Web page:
“Unlike Hongdae’s clubbing culture, Sinchon has its own plaza vibe, which is very youthful and dynamic,” he explained. 

Outside exit No. 2 of Sinchon Station. (Choi Jae-hee / The Korea Herald)
Outside exit No. 2 of Sinchon Station. (Choi Jae-hee / The Korea Herald)

‘Mecca for K-pop lovers’ 

Sinchon’s “plaza vibe” is largely thanks to a car-free street that stretches from Sinchon Station to the main gate of Yonsei University. 

Yonsei-ro’s 500-meter-long section connecting Sinchon Station and the main gate of Yonsei University becomes a pedestrian-only street from 2 p.m. Friday to 10 p.m. Sunday.(Choi Jae-hee / The Korea Herald)
Yonsei-ro’s 500-meter-long section connecting Sinchon Station and the main gate of Yonsei University becomes a pedestrian-only street from 2 p.m. Friday to 10 p.m. Sunday.(Choi Jae-hee / The Korea Herald)

Since January 2014, Seoul has forbidden private cars on a section of Yonsei-ro or Yonsei Road, in an effort to create an open pedestrian space for festivals and music performances. It is closed to motorized traffic from 2 p.m. Friday to 10 p.m. Sunday.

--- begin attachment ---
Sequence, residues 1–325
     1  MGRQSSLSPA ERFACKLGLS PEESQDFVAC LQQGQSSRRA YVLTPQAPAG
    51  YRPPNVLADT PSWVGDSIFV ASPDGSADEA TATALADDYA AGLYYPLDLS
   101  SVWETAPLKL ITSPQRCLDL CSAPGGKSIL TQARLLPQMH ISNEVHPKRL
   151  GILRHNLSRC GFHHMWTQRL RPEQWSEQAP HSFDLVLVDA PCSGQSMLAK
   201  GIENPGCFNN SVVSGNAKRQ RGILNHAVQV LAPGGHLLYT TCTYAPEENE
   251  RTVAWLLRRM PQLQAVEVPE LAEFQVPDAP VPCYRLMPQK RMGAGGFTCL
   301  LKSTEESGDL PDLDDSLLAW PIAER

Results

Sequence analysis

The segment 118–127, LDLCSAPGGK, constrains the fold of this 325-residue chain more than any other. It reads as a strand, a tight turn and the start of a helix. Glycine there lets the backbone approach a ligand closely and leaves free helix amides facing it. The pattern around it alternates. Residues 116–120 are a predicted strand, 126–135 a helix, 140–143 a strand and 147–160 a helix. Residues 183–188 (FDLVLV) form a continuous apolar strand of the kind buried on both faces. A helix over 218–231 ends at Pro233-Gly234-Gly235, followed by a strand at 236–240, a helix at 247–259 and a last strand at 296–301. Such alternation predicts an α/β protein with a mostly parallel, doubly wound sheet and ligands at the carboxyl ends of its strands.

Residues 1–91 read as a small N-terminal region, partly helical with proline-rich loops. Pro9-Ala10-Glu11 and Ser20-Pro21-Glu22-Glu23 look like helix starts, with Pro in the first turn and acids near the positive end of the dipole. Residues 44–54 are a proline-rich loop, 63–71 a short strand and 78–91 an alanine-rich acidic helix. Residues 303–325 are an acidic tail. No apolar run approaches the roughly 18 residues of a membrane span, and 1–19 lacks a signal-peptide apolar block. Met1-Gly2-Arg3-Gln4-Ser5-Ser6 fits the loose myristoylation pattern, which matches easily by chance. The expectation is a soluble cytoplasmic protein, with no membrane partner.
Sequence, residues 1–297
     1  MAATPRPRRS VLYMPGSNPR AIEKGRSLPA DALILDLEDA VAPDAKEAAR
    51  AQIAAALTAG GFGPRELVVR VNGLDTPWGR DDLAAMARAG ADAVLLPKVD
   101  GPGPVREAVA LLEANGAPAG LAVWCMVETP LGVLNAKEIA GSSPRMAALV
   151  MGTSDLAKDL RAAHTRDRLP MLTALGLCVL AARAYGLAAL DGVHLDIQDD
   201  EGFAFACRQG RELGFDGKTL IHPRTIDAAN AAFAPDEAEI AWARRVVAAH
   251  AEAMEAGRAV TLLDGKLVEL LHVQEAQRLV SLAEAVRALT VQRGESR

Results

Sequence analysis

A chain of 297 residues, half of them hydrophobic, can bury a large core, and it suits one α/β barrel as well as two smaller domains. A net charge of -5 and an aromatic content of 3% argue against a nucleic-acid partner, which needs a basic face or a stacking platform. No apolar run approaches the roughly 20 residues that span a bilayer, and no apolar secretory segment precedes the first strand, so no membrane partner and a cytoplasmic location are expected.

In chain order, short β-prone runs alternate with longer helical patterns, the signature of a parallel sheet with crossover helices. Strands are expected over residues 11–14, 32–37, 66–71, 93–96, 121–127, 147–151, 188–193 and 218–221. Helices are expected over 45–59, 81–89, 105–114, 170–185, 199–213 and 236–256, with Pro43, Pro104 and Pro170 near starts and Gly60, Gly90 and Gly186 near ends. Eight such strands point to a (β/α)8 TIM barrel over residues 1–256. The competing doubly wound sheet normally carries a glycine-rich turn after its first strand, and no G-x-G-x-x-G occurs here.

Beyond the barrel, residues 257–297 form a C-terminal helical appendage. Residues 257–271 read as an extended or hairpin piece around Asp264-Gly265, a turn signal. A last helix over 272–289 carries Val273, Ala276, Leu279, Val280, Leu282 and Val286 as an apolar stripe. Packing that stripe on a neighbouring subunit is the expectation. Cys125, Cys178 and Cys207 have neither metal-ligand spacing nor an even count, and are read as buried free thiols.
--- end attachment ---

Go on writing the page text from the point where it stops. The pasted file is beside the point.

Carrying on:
On a Sunday afternoon, several buskers were spotted occupying corners of the pedestrian-only space, filing the area with live music, dance and other performances and creating a festive mood. 

A group of four young girls in school uniform showed off their moves while dancing to girl group Ive’s hit track “Love Dive,” near Changchun Methodist Church.

Part of the team behind YouTube channel “Doritos dance,” the elementary students harbor a dream of becoming the next K-pop superstars and have been performing there every Sunday since June. 

Four young dancers from YouTube channel “Doritos dance” (Choi Jae-hee / The Korea Herald)
Four young dancers from YouTube channel “Doritos dance” (Choi Jae-hee / The Korea Herald)

A group of spectators sang along to the music, rooting for the idol wannabes. Some were foreign tourists and international students from nearby Yonsei University and Sogang University. 

Foreigners take pictures and videos of street performers. (Choi Jae-hee / The Korea Herald)
Foreigners take pictures and videos of street performers. (Choi Jae-hee / The Korea Herald)

At another corner, close to Hyundai Department Store, a group of four female idol trainees from local entertainment agency TIM performed cover dances of K-pop songs, including Red Velvet’s “Queendom” and Oh My Girl’s “Dun Dun Dance.”